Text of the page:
ProjectsPast and current JFS projects


January 3, 2007


Indicators - Society / Safety

S-1. Incidence Rate for General Crimes (per 100,000 people)

1.Current Values
2,187 incidents / 100,000 people (FY 2003)

2.Current Points
(out of a perfect score of 100 by 2050) 81 points
Calculation method:
(Current value - minimum value) / (2050 target value - minimum value) x 100

3. Explanation of Indicator
Although in the past Japan has been known throughout the world as a low-crime, safe society, at present crime incidents are rapidly increasing. General crimes (crimes excluding moving traffic violations) have risen almost 20% in the past 10 years; heinous crimes, compound crimes and crimes committed by youths have also increased.
With safety ensured, people can live without anxiety, and can begin to build relationships of mutual trust. Furthermore, that mutual trust forms the ground (social capital) from which knowledge and culture flower. We have chosen the incidence rate of crimes as an indicator of safety, which can be said to be the foundation of social capital.

4.Target for 2050
200 incidents / 100,000 people

5.Ideal for the Future
Approaching zero

6. Rationale for Ideal and Target Values
Crime ruins peace of mind and trust, which are parts of the social capital, and threatens a sustainable society. Realistically, we cannot eradicate crime, but we can aim for "approaching zero" as an ideal.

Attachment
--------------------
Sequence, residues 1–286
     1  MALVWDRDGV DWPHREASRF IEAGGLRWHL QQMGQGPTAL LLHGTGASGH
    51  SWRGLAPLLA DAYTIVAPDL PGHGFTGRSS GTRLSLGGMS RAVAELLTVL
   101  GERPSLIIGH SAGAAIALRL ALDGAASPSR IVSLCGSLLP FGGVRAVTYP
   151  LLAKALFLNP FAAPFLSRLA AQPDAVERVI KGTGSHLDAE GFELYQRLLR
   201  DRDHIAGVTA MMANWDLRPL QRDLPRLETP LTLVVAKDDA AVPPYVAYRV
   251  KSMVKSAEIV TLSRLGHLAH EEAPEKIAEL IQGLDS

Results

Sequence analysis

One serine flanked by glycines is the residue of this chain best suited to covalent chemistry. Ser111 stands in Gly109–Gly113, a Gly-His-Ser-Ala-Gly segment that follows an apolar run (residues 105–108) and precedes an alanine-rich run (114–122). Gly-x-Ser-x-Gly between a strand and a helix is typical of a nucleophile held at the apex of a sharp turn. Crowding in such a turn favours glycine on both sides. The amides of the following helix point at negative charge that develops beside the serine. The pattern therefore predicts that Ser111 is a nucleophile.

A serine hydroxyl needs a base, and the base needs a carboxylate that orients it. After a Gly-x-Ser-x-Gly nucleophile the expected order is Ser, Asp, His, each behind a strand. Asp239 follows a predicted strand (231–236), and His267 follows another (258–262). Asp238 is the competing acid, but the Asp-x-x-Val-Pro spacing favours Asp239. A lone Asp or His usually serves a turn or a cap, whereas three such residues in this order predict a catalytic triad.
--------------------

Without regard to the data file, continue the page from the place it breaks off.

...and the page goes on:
As to the target for 2050, we should look at how things are in other countries. In a United Nations Office on Drugs and Crime (UNODC) survey for the period 1998-2000, the country with the lowest crime rate in the world was Yemen, with 124 incidents per 100,000 population; of OECD countries, Turkey was the lowest with 420 incidents. International crime statistics cannot be compared wholesale, however, since they reflect the way in which crimes are recognized and reported. Nonetheless, for the sake of argument we have set 200 incidents per 100,000 population as our target for 2050, which approaches the safest level both among OECD countries and worldwide.

7. Source
Ministry of Justice, "White Paper on Crime 2004"(Japanese only)

Related information:
Total crimes per capita,

8. Notes
"General crimes" are crimes excluding moving traffic violations.